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Metro LoB

    General discussion

  • I'm curious. Is anyone working on an LoB Metro app?

    I'd love to see how dense we can pack a Metro app with controls and still be Metro.

    Does anyone have any information they can share/link that can be used in designing dense Metro?


    • Edited by CraigLaurin Saturday, September 17, 2011 1:01 PM
    Saturday, September 17, 2011 1:01 PM

All replies

  • Densely packed controls is almost the antithesis of the Metro design language. The aim is, as far as possible, to be chromeless and to put content front and center of the application. I'd strongly recommend watching the Build sessions on metro app design (particularly the one by Jensen Harris) to get a better idea of how Metro apps should look and feel.
    Sunday, September 18, 2011 10:34 PM
  • What about the control panel? It seems to be rich in controls yet sparse and simple. I am very impressed and would love to see all control panels move that way. Maybe even take legacy ones and have them show up embedded in the right side
    Monday, September 19, 2011 4:22 PM
  • You can go to the legacy one by clicking More Settings in the left list of the Metro's control panel; or clicking Control Panel in the Windows Explorer's Ribbon.
    Monday, September 19, 2011 4:39 PM
  • Densely packed controls is almost the antithesis of the Metro design language. The aim is, as far as possible, to be chromeless and to put content front and center of the application. I'd strongly recommend watching the Build sessions on metro app design (particularly the one by Jensen Harris) to get a better idea of how Metro apps should look and feel.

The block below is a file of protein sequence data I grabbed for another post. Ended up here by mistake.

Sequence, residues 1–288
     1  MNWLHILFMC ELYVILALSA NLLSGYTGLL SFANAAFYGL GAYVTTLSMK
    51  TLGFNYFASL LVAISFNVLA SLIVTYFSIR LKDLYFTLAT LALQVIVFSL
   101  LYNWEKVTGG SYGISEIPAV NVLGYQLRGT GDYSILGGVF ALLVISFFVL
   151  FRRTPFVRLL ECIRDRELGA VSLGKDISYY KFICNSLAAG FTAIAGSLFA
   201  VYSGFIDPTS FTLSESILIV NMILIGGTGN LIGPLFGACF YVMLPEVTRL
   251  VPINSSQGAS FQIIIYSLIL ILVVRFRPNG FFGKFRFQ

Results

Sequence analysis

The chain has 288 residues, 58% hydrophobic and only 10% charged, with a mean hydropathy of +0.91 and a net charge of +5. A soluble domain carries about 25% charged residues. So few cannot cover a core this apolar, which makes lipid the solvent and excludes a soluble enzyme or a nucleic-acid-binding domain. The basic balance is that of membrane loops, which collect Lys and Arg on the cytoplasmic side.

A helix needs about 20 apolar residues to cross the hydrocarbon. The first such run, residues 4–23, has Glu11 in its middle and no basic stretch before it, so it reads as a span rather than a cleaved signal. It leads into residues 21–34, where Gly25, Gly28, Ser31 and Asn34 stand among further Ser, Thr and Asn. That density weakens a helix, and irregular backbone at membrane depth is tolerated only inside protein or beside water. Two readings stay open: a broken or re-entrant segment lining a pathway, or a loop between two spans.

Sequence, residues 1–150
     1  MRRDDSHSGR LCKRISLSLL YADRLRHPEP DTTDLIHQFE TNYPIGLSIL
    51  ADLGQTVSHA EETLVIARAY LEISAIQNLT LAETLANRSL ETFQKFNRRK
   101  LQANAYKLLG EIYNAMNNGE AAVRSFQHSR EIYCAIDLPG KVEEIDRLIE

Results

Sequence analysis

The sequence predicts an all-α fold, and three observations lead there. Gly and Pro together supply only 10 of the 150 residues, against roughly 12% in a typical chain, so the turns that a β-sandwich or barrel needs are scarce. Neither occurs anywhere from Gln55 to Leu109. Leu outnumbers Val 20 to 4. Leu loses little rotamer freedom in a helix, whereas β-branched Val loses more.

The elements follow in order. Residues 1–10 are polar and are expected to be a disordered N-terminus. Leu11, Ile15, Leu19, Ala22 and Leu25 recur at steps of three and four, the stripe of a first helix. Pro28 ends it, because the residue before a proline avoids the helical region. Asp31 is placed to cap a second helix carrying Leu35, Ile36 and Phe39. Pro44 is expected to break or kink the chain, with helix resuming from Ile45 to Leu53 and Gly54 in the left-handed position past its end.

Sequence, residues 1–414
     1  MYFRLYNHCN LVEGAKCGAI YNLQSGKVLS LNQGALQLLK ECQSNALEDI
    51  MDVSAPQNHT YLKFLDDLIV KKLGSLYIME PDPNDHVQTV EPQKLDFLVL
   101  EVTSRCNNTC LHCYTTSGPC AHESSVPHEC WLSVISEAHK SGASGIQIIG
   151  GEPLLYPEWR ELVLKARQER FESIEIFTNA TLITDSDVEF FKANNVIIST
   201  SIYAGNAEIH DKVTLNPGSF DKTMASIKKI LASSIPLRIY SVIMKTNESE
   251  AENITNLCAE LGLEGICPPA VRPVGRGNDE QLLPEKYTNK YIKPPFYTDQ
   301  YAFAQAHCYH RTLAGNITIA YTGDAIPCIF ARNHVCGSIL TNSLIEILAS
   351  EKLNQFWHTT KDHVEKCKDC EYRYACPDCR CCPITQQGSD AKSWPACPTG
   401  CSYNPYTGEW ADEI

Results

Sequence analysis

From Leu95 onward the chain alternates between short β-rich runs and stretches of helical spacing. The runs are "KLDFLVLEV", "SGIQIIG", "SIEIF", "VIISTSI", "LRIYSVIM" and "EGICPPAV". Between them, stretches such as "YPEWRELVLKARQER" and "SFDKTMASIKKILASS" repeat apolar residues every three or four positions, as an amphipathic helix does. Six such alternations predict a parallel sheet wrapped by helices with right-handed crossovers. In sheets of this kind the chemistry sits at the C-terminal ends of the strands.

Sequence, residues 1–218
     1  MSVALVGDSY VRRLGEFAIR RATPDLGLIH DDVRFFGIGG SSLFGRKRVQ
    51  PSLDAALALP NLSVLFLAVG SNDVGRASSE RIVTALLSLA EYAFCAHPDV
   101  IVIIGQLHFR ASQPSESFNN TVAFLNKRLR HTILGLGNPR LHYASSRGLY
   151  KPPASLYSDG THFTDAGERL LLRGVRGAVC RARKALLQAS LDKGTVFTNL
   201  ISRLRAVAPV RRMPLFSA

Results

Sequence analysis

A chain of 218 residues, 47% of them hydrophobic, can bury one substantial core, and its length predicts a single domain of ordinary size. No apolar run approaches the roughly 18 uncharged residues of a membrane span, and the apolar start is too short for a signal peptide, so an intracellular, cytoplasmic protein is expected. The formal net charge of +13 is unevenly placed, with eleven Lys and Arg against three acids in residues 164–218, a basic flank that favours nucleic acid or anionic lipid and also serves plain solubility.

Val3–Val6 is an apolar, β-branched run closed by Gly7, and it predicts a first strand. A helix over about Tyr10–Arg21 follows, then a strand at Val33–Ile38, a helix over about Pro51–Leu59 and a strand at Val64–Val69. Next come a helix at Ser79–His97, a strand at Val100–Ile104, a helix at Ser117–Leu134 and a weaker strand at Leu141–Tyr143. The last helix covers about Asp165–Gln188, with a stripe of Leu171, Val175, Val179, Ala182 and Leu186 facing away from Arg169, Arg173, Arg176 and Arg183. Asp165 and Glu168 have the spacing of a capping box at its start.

Yes, dense can be too dense. My question is how dense can we get and still be Metro? Getting a feel for this boundry is going to be critical.

     

    The first tool I see in accomplishing dense is to put controls in context sensitive menus as the primary means of functionality and put controls in the transparent chrome very sparingly.


    • Edited by CraigLaurin Monday, September 19, 2011 4:58 PM
    Monday, September 19, 2011 4:51 PM
  • yes but that launches the traditional control panel window. Imaging if that was a list on the left with the area on the right containing the dialog that comes up unchanged to support legacy as the dialogs are turned into Metro like entries to keep you in metro
    Monday, September 19, 2011 7:34 PM
  • >>Yes, dense can be too dense. My question is how dense can we get and still be Metro?

    I'ld say that once you notice yourself becoming carefull when using touch to not trigger to wrong command - it's too dense.

    Personally, I'ld also consider the complexity of the application in question.

    Just look at the options/capabilities Metro IE10 has compared to Desktop IE10.  It's quite obvious that metro applications will, by design, never achieve the level of complexity that is possible on a desktop with mouse and keyboard.

    Friday, September 23, 2011 10:43 AM